01:49 - Source: CNN
FDA ads hope to scare teens from smoking

Story highlights

An anti-smoking music video will capitalize on popularity of dating apps among teens

A 60-second spot was to be showcased during the Grammys

Survey: Teen cigarette use down, but teens don't view social smoking as very harmful

Editor’s Note: Kelly Wallace is CNN’s digital correspondent and editor-at-large covering family, career and life. Read her other columns and follow her reports at CNN Parents and on Twitter.

CNN —  

Just the other day, en route to school, my husband and daughters ended up walking behind a smoker on the street.

The three of them immediately talked about how “gross” they think smoking is. My younger daughter, who’s 7, asked why someone would start to smoke in the first place, according to my husband.

Then, my nearly-9-year-old said she read a book in which a guy wouldn’t kiss a girl because she smoked.

It’s exactly that sentiment – that smokers may be considered less attractive, appealing or desirable – that a provocative new music video hopes to capitalize on to persuade teens never to start smoking in the first place.

The video plays off the term “left swipe,” which with the popularity of dating apps like Tinder and OKCupid has come to define someone as unattractive.

If you like someone on a dating app, you swipe them right. If you don’t like them, you give them a “left swipe.” (Full disclosure: I had no idea what these terms meant until I reported this story!)

And so, in the video, featuring musical performers Becky G, Fifth Harmony and a host of Internet stars including Grace Helbig, Harley Morenstein and King Bach, each time a profile picture appears with someone smoking, there is a call to #LeftSwipeDat.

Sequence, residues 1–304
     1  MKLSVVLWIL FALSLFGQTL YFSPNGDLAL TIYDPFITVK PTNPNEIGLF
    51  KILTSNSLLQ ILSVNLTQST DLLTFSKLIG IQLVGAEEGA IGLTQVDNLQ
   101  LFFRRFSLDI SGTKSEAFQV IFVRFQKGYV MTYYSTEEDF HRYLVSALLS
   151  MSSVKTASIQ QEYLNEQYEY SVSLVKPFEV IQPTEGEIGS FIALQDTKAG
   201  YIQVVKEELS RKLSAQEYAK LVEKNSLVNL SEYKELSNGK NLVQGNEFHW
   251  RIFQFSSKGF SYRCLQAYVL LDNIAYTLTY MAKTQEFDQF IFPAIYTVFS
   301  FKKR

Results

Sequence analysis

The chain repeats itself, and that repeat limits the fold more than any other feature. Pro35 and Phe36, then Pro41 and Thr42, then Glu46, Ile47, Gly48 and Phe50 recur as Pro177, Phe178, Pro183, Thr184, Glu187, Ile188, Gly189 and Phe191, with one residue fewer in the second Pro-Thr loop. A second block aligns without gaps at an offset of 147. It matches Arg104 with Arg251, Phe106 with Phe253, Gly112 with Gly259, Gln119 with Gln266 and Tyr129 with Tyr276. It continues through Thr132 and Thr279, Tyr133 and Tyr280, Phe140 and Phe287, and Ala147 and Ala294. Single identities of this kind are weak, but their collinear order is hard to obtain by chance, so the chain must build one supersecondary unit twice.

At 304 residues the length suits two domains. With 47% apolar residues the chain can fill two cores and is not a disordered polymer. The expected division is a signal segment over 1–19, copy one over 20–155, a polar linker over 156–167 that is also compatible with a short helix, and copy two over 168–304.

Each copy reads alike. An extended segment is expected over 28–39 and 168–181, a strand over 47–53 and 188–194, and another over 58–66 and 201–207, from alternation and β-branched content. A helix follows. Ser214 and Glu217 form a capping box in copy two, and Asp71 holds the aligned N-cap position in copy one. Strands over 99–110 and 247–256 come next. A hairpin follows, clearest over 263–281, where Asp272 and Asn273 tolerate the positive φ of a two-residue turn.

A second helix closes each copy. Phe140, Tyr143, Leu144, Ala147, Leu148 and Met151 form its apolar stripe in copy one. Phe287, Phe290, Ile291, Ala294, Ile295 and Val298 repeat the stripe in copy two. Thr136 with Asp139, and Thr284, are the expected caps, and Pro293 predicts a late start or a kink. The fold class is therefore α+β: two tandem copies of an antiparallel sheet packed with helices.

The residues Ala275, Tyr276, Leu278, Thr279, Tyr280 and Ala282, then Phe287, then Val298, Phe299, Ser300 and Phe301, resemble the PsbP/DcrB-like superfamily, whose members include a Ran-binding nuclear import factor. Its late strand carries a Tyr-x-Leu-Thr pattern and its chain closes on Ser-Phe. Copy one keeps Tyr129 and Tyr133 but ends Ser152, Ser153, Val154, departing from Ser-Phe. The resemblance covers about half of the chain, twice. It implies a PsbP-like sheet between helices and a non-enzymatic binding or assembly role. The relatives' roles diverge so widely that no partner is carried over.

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“Yeah, you work out, you are in shape, OK. I like the six-pack abs, not the six packs a day,” sings Becky G.

The video is part of the “truth” campaign, one of the largest national youth smoking-prevention initiatives in the country, and is directed and funded by the national public foundation Legacy.

“We wanted to debunk a few things here,” said Robin Koval, chief executive officer and president of Legacy. “One, (smoking) doesn’t make you more attractive, and we know the thing that young people care about most is connecting with other people, especially for romantic opportunities, and that social smoking, whatever you call it, light smoking, intermittent smoking, is smoking.

“From our perspective, if you light it, you should left-swipe it. It’s just a bad idea.”

Some research shows how dating profiles featuring smoking get less traction than those that do not.

The anti-smoking group Action on Smoking & Health conducted an experiment. It created two identical profiles – “Heather” and “Sara” – on the dating app Tinder, each featuring the same attractive woman. Heather was smoking; Sara was not.

Heather and Sara then both swiped right on 1,000 men over a week, again meaning they liked them. Fifty-four percent of the men chose Sara, the nonsmoking profile, while 29% selected Heather, the profile with a cigarette, according to the group’s findings.